Welcome to our new interview series, The Ripple Effect. The Ripple Effect explores the emotional impact of volunteer travel and its lasting effect on people’s lives. Over the coming weeks, we will be interviewing adventurous volunteers who have given their time, compassion, and sweat equity to make a difference. Today, we’re speaking with Paul and Anne Jeschke. They traveled to Kenya with Habitat for Humanity to help build homes for local families. In the process they learned how important it is to give back. Paul and Anne are an inspiration for volunteers of any age.
How did you decide on traveling with Habitat for Humanity?
We’re longtime donors to Habitat and strongly support their mission to improve living conditions for impoverished people everywhere. Decent housing is a basic human right and Habitat for Humanity gets home construction done efficiently and effectively. But sometimes forking over money isn’t enough. We think it’s important to show solidarity and support by joining in the physical effort of house building.
Was there something specific that attracted you to Kenya?
The project in Kenya was one of many attractive work and travel opportunities Habitat offers. We’d never been to Africa and knew it would be a fascinating place to visit. We coupled the Habitat portion of the trip with a wildlife safari to the Oldarpoi Maasai Safari Camp, a permanent furnished tented camp just outside Masai Mara National Reserve. It is on the edge of one of the world’s greatest wildlife safari parks.
Could you talk a bit about what the experience was like?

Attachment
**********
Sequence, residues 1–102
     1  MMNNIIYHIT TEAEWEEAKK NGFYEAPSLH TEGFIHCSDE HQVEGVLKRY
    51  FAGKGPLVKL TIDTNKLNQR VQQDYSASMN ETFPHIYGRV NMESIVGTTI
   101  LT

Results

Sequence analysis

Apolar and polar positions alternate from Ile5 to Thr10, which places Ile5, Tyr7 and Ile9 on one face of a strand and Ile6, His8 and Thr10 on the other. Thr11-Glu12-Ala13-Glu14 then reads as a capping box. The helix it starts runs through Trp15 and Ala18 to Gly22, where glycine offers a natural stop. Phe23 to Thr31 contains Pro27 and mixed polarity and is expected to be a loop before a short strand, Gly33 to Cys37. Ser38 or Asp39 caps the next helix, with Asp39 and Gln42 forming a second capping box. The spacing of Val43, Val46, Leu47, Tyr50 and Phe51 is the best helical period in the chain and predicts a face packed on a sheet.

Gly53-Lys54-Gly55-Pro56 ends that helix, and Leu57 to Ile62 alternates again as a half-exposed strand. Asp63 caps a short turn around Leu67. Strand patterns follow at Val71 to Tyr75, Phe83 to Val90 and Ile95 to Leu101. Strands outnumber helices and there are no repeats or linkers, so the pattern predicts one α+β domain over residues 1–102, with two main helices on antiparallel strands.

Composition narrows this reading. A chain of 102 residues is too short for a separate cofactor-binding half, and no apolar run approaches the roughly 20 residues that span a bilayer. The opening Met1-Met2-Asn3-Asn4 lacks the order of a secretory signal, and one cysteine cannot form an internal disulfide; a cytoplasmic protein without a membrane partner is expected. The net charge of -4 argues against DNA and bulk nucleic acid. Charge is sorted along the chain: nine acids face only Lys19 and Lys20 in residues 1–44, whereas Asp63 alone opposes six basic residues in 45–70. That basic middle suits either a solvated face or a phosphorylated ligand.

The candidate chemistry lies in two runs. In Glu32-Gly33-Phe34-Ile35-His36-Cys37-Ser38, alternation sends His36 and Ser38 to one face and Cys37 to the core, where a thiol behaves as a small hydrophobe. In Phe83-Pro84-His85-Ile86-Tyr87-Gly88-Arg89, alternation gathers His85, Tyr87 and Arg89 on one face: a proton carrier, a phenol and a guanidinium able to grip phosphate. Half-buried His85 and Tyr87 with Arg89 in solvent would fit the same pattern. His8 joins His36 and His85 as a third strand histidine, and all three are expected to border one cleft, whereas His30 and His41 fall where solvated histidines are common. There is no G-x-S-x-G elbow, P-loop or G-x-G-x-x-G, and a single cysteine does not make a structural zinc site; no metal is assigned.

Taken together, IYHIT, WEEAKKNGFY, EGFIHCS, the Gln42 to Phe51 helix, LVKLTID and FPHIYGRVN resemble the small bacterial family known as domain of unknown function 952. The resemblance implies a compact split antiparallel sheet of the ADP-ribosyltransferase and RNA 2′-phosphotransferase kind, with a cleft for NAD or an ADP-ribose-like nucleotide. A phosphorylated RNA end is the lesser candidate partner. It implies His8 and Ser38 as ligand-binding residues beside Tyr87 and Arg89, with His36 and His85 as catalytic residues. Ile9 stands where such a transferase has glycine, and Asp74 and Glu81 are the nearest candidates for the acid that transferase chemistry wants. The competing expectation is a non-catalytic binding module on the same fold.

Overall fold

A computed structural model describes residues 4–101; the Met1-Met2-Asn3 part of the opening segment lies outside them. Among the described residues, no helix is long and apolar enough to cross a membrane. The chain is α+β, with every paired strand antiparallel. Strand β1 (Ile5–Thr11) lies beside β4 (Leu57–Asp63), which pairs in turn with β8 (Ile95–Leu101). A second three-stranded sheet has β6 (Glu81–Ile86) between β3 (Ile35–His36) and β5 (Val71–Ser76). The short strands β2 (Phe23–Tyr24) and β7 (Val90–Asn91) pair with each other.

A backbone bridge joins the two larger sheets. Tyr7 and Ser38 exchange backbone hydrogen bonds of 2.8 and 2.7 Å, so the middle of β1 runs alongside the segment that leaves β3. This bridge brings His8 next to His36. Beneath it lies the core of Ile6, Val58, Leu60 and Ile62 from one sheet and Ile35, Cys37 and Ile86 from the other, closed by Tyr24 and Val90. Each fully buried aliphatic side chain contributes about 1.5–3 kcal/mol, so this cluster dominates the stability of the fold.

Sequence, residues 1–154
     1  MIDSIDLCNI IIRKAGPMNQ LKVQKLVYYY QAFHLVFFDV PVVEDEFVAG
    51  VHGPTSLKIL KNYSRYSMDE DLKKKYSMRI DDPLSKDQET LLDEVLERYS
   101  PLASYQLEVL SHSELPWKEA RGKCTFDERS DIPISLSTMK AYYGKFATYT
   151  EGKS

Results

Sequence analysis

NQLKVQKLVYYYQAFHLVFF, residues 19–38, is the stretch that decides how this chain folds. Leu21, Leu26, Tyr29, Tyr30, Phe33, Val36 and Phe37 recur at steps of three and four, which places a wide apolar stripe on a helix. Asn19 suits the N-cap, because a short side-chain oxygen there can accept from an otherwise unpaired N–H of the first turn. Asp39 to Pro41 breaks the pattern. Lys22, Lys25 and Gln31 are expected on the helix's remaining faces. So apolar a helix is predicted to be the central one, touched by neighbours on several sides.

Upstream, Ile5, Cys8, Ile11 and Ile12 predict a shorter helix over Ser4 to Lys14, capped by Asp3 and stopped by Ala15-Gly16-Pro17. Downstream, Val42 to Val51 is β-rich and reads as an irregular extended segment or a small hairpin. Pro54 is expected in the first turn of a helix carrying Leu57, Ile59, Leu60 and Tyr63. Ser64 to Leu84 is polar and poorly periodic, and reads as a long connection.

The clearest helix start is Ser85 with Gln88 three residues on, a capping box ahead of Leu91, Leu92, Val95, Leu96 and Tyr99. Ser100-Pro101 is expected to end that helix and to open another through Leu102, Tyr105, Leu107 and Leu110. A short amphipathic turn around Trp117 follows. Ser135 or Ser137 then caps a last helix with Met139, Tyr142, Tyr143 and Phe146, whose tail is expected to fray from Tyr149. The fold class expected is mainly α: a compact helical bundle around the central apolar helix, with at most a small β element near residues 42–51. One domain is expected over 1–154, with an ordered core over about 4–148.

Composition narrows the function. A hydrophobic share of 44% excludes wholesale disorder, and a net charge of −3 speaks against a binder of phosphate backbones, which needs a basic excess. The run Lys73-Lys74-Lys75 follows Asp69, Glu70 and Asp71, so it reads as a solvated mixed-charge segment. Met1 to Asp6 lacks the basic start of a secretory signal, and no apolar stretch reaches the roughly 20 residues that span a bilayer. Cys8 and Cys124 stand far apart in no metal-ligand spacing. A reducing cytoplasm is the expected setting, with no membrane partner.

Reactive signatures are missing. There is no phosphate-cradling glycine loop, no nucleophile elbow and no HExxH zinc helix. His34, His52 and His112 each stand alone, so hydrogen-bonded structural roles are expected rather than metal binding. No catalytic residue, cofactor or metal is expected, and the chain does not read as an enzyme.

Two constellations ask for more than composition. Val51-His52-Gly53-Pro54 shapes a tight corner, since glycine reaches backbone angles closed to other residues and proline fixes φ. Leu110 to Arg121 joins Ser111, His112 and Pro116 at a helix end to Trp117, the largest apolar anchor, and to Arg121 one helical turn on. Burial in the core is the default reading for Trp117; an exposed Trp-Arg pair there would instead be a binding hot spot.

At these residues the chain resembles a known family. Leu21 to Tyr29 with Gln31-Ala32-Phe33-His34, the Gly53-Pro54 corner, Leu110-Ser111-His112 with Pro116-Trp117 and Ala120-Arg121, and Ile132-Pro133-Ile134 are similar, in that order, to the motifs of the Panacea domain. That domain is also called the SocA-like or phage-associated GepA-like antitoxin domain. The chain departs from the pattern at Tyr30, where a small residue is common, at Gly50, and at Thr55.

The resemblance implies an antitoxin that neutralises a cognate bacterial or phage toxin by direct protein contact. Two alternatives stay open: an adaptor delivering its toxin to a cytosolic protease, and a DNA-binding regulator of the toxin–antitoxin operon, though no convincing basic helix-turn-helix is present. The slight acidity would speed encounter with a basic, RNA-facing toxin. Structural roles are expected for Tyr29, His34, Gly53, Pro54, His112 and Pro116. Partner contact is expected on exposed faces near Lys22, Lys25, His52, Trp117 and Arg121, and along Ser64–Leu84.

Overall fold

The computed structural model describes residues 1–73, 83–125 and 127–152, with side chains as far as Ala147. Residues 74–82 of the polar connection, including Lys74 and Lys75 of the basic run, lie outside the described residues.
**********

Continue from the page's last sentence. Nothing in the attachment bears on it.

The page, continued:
In addition to the two Muir Beach residents, the volunteers consisted of a Philadelphia lawyer, an IBM programmer, a radiology technician, a General Motors executive, a New York management consultant, a new college graduate from Alaska, a self-described “empty nester” from Los Angeles and a British citizen who has lived for 50 years in Japan. Not a lot of construction expertise here, except for our Habitat leader, Sheila Crowley, and a couple of volunteers who previously participated in Habitat building projects. When we weren’t moving bricks, we were mixing cement, sand and aggregate and carrying the finished concrete to the construction site.
We ate lunch daily at the work site. The homeowner and friends did meal preparations with assistance each day from a Habitat volunteer. Food was generally very bland and almost always included small amounts of meat, a few vegetables and large amounts of ugale, a tasteless, dumpling-like dish made from boiled corn.
Children who lived nearby were initially shy and would run away if approached by volunteers. “They’re afraid of you,” said Teresa Ombaba, a large, joyously spirited woman who is head of the local cooperative. “Your white skin looks so tender. They’re afraid you will bleed to death if they touch you.” The children were eventually won over by the chance to see themselves on the video viewfinders of cameras that were constantly pointed in their direction.
How do you feel the experience changed you?
This Habitat for Humanity experience reinforced the overwhelming conclusion that life can be cruel and unfair for millions of people and it is the ethical and moral obligation of the more fortunate to help in very basic ways.
What were some of the challenges you faced, either during your travel or during your the volunteering itself?
All but one of our volunteers eventually developed gastrointestinal problems that inevitably led to quick trips to the on-site pit toilet. We were warned in advance to secure all personal belongings since keys, money, iPods and even passports have disappeared into 30-foot deep pits, never to be seen again.
While we blamed our stomach problems on vegetables and utensils rinsed in unboiled water from the river, our hosts were certain we were getting sick from the purified, bottled water we brought with us from Nairobi. Fortunately, no one’s distress lasted more than a day.
As excerpted from The Beachcomber, March, 2010
Do you have plans to volunteer again in the near future?
Now that the aches and pains have healed, we’d consider another Habitat build — but only if the leader understood our physical limitations.
What advice would you give to a volunteer about to embark on her first international journey?
Always be ready for things to go wrong or awry — that’s when travel really gets interesting and great experiences become possible.